By Chris Berzas
Fishing under the birds this past fall in Louisiana’s Calcasieu Lake, Egret Baits’ Ken Chaumont of Lake Charles, La. decided to test a new lure that caught his attention.
Its design could be best described as a 3 1/4- inch plastic shrimp that is notched along the tail and weaved with strands of durable nylon. Also, a ¼ oz. jighead with an attached hook courses the length of the interior of the body with the hook protruding on its dorsal surface.
At the time, this shrimp was only one of two sent to him by the manufacturer for testing.
I happened to be there doing a trout story earlier that morning, and I admit I wanted to see how lure company reps test new items before marketing them.
Of course, I had to swear an oath of confidentiality short of signing a non-disclosure agreement – but I am certainly happy I stayed around for the duration.
We were working the main reef out of Turner’s Bay on a sunny afternoon during the week, and the water was void of boats and other guides.
“Look here, I have a trout already,” said Chaumont hoisting aboard what was the first of many trout in the 14- to 17- inch range.
The angler was using a 3-inch, weighted Comal popping cork with the shrimp placed about 18- inches below the cork.
For a couple of weeks, Chaumont kept catching trout after trout in the same 14- to 17- inch lengths under birds and atop reefs throughout Calcasieu Lake.
“I caught over 50 specks on just one of the baits before I began working the other one,” said the angler.
In November and December, anglers Chris Ramos and Raymond Duhon joined Chaumont in testing a few more VuDus as Chaumont offered Egret Baits’ first batch for sale.
Here are some fishing tips this trio has to offer since these baits are now offered in good numbers to saltwater anglers.
Under popping corks
“The number one way to fish the VuDu for speckled trout is under a popping cork,” said Chaumont. “I’ll use a Comal 3-inch popping cork (coned) with the VuDu shrimp at 18- to 20- inches below it. The cork is weighted and will cast better than any non-weighted ones.”
According to Chaumont, he’ll use light or ultra-light tackle with a Lew’s speed spool baitcasting reel or spinning reel spooled with 10-pound test fluorocarbon line.
“It will be easier to cast and you’ll get more distance,” he said.
“You want to pop it a couple of times . . . stop . . . pop it a couple of times again . . . and stop,” said the angler. “Most of the time it’s when you stop it – after you’ve popped it – when the trout attacks the shrimp.”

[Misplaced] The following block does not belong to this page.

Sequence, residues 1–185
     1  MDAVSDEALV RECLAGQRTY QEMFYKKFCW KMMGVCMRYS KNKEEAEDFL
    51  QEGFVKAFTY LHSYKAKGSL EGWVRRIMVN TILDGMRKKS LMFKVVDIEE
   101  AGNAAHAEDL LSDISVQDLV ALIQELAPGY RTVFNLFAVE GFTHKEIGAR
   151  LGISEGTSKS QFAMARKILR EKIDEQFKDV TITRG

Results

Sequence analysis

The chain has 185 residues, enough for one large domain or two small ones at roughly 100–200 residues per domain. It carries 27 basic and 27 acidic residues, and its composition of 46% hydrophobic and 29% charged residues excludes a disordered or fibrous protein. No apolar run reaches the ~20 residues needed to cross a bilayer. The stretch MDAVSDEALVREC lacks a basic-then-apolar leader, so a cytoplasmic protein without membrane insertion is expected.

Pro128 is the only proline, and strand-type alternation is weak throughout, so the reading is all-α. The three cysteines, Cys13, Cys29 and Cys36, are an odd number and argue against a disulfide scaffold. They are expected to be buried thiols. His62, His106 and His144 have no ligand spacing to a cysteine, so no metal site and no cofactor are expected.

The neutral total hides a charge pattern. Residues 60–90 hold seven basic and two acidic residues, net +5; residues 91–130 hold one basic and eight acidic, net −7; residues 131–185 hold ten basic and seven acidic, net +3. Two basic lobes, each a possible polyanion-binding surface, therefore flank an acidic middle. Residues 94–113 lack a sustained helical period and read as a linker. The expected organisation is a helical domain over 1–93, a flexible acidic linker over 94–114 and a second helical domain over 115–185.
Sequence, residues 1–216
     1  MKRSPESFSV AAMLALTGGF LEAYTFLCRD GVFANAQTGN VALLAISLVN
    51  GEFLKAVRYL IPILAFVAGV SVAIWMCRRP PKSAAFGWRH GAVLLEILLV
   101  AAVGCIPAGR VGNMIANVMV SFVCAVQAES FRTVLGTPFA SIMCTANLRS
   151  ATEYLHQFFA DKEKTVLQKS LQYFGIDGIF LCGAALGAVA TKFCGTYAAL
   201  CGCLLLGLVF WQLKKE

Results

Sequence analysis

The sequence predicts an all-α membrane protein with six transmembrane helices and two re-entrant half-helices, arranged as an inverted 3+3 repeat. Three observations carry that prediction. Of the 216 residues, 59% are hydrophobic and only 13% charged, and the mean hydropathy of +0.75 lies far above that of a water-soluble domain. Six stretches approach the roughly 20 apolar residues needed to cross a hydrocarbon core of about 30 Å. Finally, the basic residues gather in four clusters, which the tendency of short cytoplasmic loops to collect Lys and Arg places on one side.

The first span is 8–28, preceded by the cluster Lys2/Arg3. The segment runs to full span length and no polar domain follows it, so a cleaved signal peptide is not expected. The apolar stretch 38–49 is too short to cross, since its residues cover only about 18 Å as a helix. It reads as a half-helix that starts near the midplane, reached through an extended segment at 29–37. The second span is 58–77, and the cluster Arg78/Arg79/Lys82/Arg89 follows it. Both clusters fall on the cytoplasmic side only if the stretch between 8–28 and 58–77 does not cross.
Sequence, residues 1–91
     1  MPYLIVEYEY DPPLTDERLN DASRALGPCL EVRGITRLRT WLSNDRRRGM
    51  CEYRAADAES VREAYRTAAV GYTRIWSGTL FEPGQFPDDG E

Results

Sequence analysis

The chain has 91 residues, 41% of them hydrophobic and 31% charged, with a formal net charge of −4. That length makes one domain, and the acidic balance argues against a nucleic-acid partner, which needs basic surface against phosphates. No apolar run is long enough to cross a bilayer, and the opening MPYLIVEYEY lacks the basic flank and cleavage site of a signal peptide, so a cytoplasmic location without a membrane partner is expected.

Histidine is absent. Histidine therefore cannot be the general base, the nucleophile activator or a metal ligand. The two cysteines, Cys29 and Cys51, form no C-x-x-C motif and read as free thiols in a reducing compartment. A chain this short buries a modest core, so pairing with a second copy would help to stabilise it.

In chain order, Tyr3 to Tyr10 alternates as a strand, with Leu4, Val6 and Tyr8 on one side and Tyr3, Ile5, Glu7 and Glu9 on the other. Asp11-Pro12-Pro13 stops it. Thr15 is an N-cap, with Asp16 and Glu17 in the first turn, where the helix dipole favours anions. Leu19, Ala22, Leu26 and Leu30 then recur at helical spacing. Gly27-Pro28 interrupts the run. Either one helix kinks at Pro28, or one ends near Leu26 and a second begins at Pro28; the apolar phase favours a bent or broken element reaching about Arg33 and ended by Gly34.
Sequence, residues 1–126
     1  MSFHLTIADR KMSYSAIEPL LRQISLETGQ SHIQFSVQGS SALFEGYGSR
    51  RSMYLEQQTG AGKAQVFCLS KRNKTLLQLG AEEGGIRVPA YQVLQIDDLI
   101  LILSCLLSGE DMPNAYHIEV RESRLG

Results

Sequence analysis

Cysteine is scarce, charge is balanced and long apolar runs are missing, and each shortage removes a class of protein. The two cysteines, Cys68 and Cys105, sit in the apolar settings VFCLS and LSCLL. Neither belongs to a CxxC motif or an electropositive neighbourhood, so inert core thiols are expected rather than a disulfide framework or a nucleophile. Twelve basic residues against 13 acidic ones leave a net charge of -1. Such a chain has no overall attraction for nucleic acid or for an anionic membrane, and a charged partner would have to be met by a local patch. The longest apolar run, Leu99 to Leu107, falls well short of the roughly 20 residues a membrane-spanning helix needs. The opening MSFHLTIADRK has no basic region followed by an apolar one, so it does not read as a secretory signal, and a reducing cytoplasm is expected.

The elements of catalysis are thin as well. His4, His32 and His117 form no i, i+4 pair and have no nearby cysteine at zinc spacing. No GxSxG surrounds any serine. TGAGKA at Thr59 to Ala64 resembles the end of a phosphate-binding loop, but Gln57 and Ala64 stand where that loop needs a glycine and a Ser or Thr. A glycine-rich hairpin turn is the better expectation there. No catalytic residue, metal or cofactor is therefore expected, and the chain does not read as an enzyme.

Angler Chris Ramos of Sulphur has also been successful yet with a slightly different style and method.
“I’ll fish the VuDu under a Bomber Paradise float,” said Ramos. “I’ll place the VuDu 12- to 18- inches below the float and pop it often. It really works well when fishing under the birds, and I find it imitates the sound of a trout popping the shrimp on top.”
Both Chaumont and Ramos agreed that the VuDu shrimp lends itself to be easily worked by youth anglers as well as adults learning to fish for speckled trout.
“This shrimp will allow children and adults to spend more time on casting and catching fish as opposed to the length of time spent changing live- or market- shrimp repeatedly on their hooks,” said Chaumont.
“This bait is designed for schooling trout – not trophy trout,” emphasized Chaumont. “The VuDu shrimp is best utilized when fishing under birds and over reefs when trout are active.”
Lake Charles’ Raymond Duhon is amazed by what happens to the VuDu once it’s inside a trout’s mouth.
“Whenever I got a strike, I have yet to lose a fish on a VuDu,” said Duhon. “The trout get hooked on the hard palates on the top of their mouths. And that occurs no matter what size they are.”
And Chris Ramos said that it’s not only small, 12-inch school trout that attack the VuDu.
“Many of the fish we have taken were above 14- inches,” said Ramos. “Two we caught on the VuDu were at 4 pounds!”
On one VuDu shrimp alone, Ramos said he has taken over 100 trout, and the bait was still in good shape.
Tightlining the VuDu
“Another excellent method to work these baits is to troll the VuDu,” said Chaumont. “You place the trolling motor on low and cast the bait behind the boat without a cork.”
Prien Lake anglers will readily recall when this fall, many speckled trout were taken in 12- to 18- feet of water on the edges of the channel that runs through Prien Lake northwards. Trolling then worked very well for these suspended speckled trout.
“I also work it without a cork,” said Ramos. “I’ll use a steady retrieve and then allow it to stop and fall. I’ll give it a one- two- count after casting before beginning the retrieve.
“Or I’ll simply fish it on the bottom and pop it every now and then,” said the angler. “The tail is so loose that it provides a lot of action, and the VuDu shrimp’s eyes glow in the water.
“It’s really a great effective bait that attracts trout,” said Ramos.
Chaumont has also enticed flounder with the VuDu.
“It’s also excellent on sand flats when tightlining for flounder,” said Chaumont. “I’ve taken many flounder when working the usual locations where you find them.”
Where to obtain the VuDu
For now, Egret Bait’s new VuDu shrimp can be bought two per pack only online through their website and Facebook site.
These can be accessed at: http://www.egretbaits.com/egret_store.html#!/~/category/id=4232109&offset=0&sort=nameAsc online, and on Facebook at https://www.facebook.com/EgretBaits/app_251458316228.
Some tackle establishments are also offering them now, but it’s best to check by giving them a telephone call for availability.